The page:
FIG. 1 is a diagram of the DNA of plasmid pKB652 showing certain sites thereon;
FIG. 2 is a diagram of the DNA of plasmid pKB686 showing certain sites thereon;
FIG. 3 is a diagram of the DNA of plasmid pKB706 showing certain sites thereon;
FIG. 4 is a diagram of the DNA of plasmid pKB730 showing certain sites thereon;
FIG. 5 is a DNA diagram depicting an excision event;
FIG. 6 is a DNA diagram depicting an inversion event.
The two sites shown in the DNA diagrams in FIGS. 1-4 which are specific for enzymatic reciprocal recombination are phage attachment sites, labeled respectively attL and attR; that is, they are sites at which a phage enzyme system catalyzes site-specific recombination. Specifically, the pair of sites shown in the figures is functionally equivalent to BOP' (or attL) and POB' (or attR), where 0 is a region of homology between the chromosome of a bacterial host and an infecting phage, B and B' are bacterial chromosome regions flanking 0, and P and P' are phage DNA regions flanking O. Alternatively, the pair BOB' (or att B) and POP' (or att P) could be used. Functional equivalency means the site is recognized by a site-specific recombination enzyme system.
No matter which pair is used, it should be matched to the enzyme system that is to be used to effect the desired rearrangement, so that the system will be driven substantially to complete the rearrangement and to avoid the opposing reverse reaction which forms the DNA fragments from the desired protein-producing DNA sequence. The attL/attR pair is matched to the enzyme system for excision which, in the phage lambda system, comprises both the Int and Xis proteins. The attB/attP pair is matched to the enzyme for integration which, in the phage lambda system, is the Int protein without the Xis protein. Finally, functioning of both the Int and the Int/Xis enzyme systems requires an integration host factor (IHF), a protein produced by the host bacterium.
The desired rearrangement may be excission, integration, or inversion, depending upon the form of the transforming DNA and the relative orientation of the enzyme specific sites. As shown in FIGS. 5 and 6 excission will be strongly favored if the sites are oriented in the same absolute direction and inversion will be strongly favored if the sites are oriented in the opposite absolute orientation. For example BOP' has the same absolute orientation as POB' (FIG. 5), and BOP' has the opposite orientation as B'OP (FIG. 6).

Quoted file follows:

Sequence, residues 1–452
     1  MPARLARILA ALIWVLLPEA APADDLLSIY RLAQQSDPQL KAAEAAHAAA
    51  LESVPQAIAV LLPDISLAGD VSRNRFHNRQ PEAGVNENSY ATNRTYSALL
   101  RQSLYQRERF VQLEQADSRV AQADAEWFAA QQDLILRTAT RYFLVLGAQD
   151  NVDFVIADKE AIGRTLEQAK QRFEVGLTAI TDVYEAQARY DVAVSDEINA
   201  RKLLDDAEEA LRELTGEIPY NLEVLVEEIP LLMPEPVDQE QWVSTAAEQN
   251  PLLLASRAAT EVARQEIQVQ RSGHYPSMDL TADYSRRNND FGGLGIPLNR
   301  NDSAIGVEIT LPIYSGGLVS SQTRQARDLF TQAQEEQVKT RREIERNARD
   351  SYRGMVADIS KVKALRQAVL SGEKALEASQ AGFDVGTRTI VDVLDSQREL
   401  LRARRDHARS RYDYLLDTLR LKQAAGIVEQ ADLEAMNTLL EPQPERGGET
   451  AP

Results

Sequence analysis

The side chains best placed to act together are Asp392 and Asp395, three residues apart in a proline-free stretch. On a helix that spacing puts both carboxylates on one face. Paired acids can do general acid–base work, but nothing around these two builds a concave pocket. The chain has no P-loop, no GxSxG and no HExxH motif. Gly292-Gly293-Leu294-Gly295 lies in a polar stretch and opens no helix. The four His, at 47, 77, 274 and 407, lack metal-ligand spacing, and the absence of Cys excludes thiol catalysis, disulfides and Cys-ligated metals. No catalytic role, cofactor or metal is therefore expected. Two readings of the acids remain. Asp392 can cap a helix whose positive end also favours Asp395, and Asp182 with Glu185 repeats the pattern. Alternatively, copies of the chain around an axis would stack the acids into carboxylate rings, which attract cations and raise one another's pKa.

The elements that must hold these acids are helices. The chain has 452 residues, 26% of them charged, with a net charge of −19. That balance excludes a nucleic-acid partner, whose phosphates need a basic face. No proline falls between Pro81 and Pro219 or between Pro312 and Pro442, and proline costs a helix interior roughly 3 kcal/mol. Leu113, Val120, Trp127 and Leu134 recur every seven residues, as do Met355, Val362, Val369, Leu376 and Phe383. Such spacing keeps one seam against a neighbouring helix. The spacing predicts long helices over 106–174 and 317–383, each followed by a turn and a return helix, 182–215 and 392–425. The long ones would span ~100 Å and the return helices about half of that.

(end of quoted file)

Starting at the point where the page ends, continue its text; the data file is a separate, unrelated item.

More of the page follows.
Integration is the reverse of the process depicted in FIG. 5.
In addition to the enzyme specific sites described above, the transforming DNA includes two DNA subsegments which are to be brought into juxtaposition by the DNA rearrangement. FIG. 4 shows a strong, unregulated constitutive promoter segment as one of the subsegments and a structural gene sequence as the other subsegment. Adjacent the structural gene segment is a translation initiation site, positioned in reading frame with, and on the same side of the recombination site as, the structural gene, so that after rearrangement, the rearrangement site which separates the promoter from the structural gene is not translated into an extraneous amino acid sequence. Thus, after rearrangement, the two subsegments do not necessarily abut one another. In FIG. 4, the promoter is labeled PII to designate the gene II promoter from phage m13. The structural gene in the transforming DNA codes for T4 DNA ligase from phage T4.
The PII promoter is oriented to promote transcription toward the adjacent attR site, and the T4 ligase gene is oriented so the end to be transcribed first is adjacent the attL site. Those ends must be juxtaposed to produce an effective T4 ligase-producing gene. TI is a transcription termination site adjacent the attR site on the side of it opposite to the PII promoter. TI serves to stop transcription from the unregulated PII promoter, thus preventing wasted cell energy in unproductive transcription before DNA rearrangement is triggered. Transcription starting at PII and terminating at tI is indicated by a wavy arrow. A second transcription termination site, labeled t6s, is positioned near the att L site to prevent transcription into and expression of the structural gene prior to DNA rearrangement.
Plasmid pKB730 also includes a gene for ampicillin resistance (ampR) which is a marker for detecting successfully transformed cells.
The construction of plasmid pKB730 is depicted in FIGS. 1-3. Unless specifically indicated otherwise, recombinant DNA techniques suitable for the steps described are found in Maniatis et al, Molecular Cloning, (Cold Spring Harbor Laboratory 1982).
A specific rearrangement vector is constructed to have the following properties: multiple unique cloning sites are bracketed by functional equivalents of lambda attL and attR, and this construction is bracketed by transcription terminators to terminate transcription into and out of the region in one orientation. The construction is described as follows.